CAROL ANN (HINES) HOFFMAN passed away peacefully at home in the wee hours of Friday, June 30, 2023, in Kansas City, Missouri. She was born on September 13, 1947, to Bill and Lewene (Leland) Hines in Lockhart, Texas.
She is survived by her husband of 39 years Ken Hoffman, their daughter Nicole Johnson Bratton (Jeff), brothers John Hines and Paul Hines (Peggy), sister Deborah Hines Day (Roger), granddaughter Towne Bratton, nephew Travis Echert (Hannah), niece Susan Hines Graham (Charlie), nephew Sam Hines, sister-in-law Diane Hoffman Nims (Chris) their son Adam (Amie), and the very close extended families of Tonya and Mike Walker and Joni and Jerry Kruntorad. Survivors also include countless cousins, high school buddies, former neighbors in Austin, Texas and Parkville, Missouri, and friends from all walks of life in the United States, Canada, and Mexico. She made instant connections and genuine friends wherever she went. She tended to be a rebel and to attract other rebels. They know who they are. None will ever forget her.
She was predeceased by her parents and her nephew, Ryan Echert.
Because her father was career Air Force, the family lived in several places around the U.S. and the world, including Japan, France, and Germany, before finally landing at Randolph Air Force Base in San Antonio, where she graduated from Randolph High School.
Carol Ann attended the University of Texas at Austin for a year and then went to work in the Office of the Texas Secretary of State. Ultimately, she spent a decades-long career as an extraordinarily skilled legal secretary, paralegal, and law office manager. She was so smart, perceptive, and resourceful that she could have easily been a highly successful lawyer if she had been so inclined. Instead, as she liked to say, she trained a lot of lawyers!
Carol Ann was a special person who meant so much to so many it is very difficult to describe her in a few words. She was devoted to her husband, family, and friends almost to a fault. She was quietly tough-minded and resilient with an inner strength of will that was sometimes to her detriment because of her selflessness. Despite her gregariousness, she was also a very private person who never outwardly sought credit for the many things she did for others as a wife, mother, grandmother, sister, aunt, mentor, advisor, confidant, and friend. She was a talented chef who could prepare a meal from almost anything except fish. She hated fish. She had an uncanny knack for finding cafés and restaurants and picking the best (but not the most expensive) items on the menu, even in cities and countries where she had never been.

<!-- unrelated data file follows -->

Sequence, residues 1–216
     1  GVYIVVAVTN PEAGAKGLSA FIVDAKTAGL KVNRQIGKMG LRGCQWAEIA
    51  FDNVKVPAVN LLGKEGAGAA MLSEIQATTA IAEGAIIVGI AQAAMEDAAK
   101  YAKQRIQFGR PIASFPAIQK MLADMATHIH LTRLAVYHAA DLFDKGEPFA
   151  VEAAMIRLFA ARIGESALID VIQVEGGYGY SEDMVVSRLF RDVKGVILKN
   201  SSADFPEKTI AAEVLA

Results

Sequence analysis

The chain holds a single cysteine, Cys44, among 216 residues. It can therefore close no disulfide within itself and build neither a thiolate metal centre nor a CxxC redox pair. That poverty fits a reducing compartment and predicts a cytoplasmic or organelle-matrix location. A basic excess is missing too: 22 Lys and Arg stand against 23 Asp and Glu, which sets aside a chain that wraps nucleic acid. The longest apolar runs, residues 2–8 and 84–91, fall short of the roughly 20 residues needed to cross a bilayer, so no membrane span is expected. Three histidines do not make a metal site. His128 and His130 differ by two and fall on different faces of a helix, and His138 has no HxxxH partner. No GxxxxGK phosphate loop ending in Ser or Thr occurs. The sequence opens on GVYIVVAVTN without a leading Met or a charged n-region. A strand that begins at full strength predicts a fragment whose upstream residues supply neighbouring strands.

Carol Ann was famously frugal yet unflinchingly generous. “Plan” was one of only a few four-letter words she refused to use. She had definite opinions but was non-judgmental of others. She loved: snow; all of Canada, especially Quebec City; parties of two to 200; spicy food, especially Mexican; hole-in-the-wall cafés; visiting old cemeteries; grocery shopping so she could make a new dish she had thought of; reading cookbooks but never following the recipes exactly as written because her changes made them better; and giving her husband, family, and friends grief in some hilarious way. It was almost impossible to have the last word with Carol Ann. It remains to be seen if her passing will change that.
Above all, Carol Ann was loving and loyal, compassionate and kind. She will be forever loved and missed, and her memory will be cherished.
Carol Ann was a registered organ donor. Following her cremation, a small family gathering is planned. Impromptu celebrations of her life are likely in the near future. In lieu of flowers, donations can be made to either or both of the following charitable organizations:
Feed Northland Kids — https://feednorthlandkids.org
Hillcrest Platte County – Family Transitional Housing — https://hillcrestplatte.org
Memories of Carol Ann and condolences to the family may be shared at meyersfuneralchapel.com